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Jack Schrader of Amherst soccer champ after near death

COURTESY RICH SCHRADER
Jack Schrader, right, competes against Ludlow in the Western Massachusetts Division 1 Tournament championship Sunday. Schrader overcame sever injuries as a freshman to return to soccer and contribute for the Hurricanes, who won their first-ever sectional title with a win over the Lions.

COURTESY RICH SCHRADER Jack Schrader, right, competes against Ludlow in the Western Massachusetts Division 1 Tournament championship Sunday. Schrader overcame sever injuries as a freshman to return to soccer and contribute for the Hurricanes, who won their first-ever sectional title with a win over the Lions. Purchase photo reprints »

Schrader, the Hurricanes’ senior defender, suffered severe injuries to his stomach, intestines and pancreas after a hard collision as a freshman during a junior varsity game at East Longmeadow on Oct. 22, 2009.

“I remember it pretty vividly, probably because it was a pretty traumatizing experience,” Jack Schrader said. “It was a free kick and the (goalkeeper) and I were both running for the ball. I was at full speed and we both went up for the ball. He lifted up his knee to get higher and I got hit hard in the stomach with the knee.”

Schrader had trouble breathing for a while and eventually got sick when an ambulance was called. From the field to the emergency room at Baystate Medical Center in Springfield, Schrader guesses he vomited nine or 10 times.

“Then, when I was in the ER, I threw up blood and that’s when they knew something was really wrong,” Schrader said.

Meanwhile, Schrader’s parents, Rich Schrader and Diane Berg, who were not at the game, had received a phone call to get to the hospital. There they waited eight hours as their son, then 14 years old, had surgery to remove half his stomach and repair the pancreas and small intestine.

“That was the longest night of any of our lives,” Rich Schrader said. “It really freaked us out. It was the worst night of my life, for sure.”

Jack Schrader got through the surgery and spent the next two weeks in recovery and several months in rehab. Early on, there was some question whether he would be able to play sports again.

He eventually played in a recreation basketball league that winter and felt better than expected.

“That was when I starting feeling that this wasn’t probably going to be a problem for me,” said Schrader, who sports a 7- to 8-inch surgical scar from his belly button to his chest. “I love soccer and I didn’t want one crazy experience to define how I looked at the sport and whether I could still play it.”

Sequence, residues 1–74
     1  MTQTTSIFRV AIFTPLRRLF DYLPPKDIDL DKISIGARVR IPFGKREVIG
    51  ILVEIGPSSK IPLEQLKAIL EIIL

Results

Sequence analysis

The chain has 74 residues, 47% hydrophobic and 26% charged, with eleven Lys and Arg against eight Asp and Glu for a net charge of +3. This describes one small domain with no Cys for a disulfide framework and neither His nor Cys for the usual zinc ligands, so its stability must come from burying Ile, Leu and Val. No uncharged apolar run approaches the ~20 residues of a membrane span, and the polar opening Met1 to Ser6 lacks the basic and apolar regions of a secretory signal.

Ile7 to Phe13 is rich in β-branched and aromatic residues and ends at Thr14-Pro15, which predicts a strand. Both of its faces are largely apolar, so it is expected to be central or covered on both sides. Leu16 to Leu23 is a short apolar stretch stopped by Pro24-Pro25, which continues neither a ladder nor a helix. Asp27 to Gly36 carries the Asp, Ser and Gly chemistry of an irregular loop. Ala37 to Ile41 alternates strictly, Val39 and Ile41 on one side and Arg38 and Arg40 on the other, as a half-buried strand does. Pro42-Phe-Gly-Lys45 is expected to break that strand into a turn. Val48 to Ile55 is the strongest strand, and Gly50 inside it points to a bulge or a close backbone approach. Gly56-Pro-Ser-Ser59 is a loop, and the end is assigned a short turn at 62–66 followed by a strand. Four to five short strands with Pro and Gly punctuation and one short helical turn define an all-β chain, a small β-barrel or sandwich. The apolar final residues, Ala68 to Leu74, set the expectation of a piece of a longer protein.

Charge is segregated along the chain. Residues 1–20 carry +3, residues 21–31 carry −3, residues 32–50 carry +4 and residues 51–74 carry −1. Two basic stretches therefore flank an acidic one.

His parents, understandably, were a bit more wary about Schrader returning to the pitch.

“There was total hesitation on my part and my wife’s part, but it was Jack’s decision at the end of the day,” Rich Schrader said. “But I gave him my opinion. It was very tough to watch him the first year and, to be honest, it still is hard sometimes.”

Schrader played baseball that spring and then made the varsity soccer team as a sophomore.

“When soccer season came around, the biggest problem was getting back into shape,” Jack Schrader said. “I missed the rest of (the 2009) season and then baseball isn’t the same thing. Psychologically, I really felt fine. I was excited to have a chance to possibly make the varsity team and just to get back on the field. I don’t think I was any more timid than I would have otherwise been.”

Schrader watched from the sidelines as that team reached the western Massachusetts final and then lost to Ludlow on penalty kicks.

“I didn’t play much, but I got really close to that team,” Jack Schrader said. Losing that game “was an emotional experience because of everything that had happened to me in just over a year.”

He gained more playing time as a junior and then emerged as a part of the team’s standout defense as a senior this season. The unit has posted six shutouts in its last seven games and has not allowed a goal in the postseason, including a 0-0 title game against Ludlow Sunday. The team advanced on penalty kicks, 7-6, for its first-ever Western Massachusetts Division 1 title.

After the big team celebration and photo ops with the trophy, Schrader headed over to his family.

“I wanted to share the moment with (my parents) because they’ve been so supportive and the second I reached them, I just broke down,” Jack Schrader said. “I understand the intensity of how close to death I was. Very few people go through something like that and understand what that’s like.”

Rich Schrader said, “He gave us a big hug and the emotions were overwhelming. To go on this journey from the hospital to the western Mass. championship, it was very emotional for our family.”

Amherst returns to action in the state semifinals at 7 tonight against Leominster at Nashoba Regional in Bolton.

Jack Schrader hasn’t spent much time talking to anyone about his ordeal and what it was like to realize that he almost died. When it was time to write a college essay — he has applied early decision to Wesleyan — Schrader gained some perspective on how it has shaped his life.

“I think this has really defined me and that I view the world differently, probably in a better way,” he said. “I wrote the essay about how I took this horrible event and made it into an optimistic thing. I see everything in a better light. I enjoy things more because I went through this horrific experience and survived it.

“I think I’m just happy I’m alive.”

Jim Pignatiello can be reached at jpignatiello@gazettenet.com.

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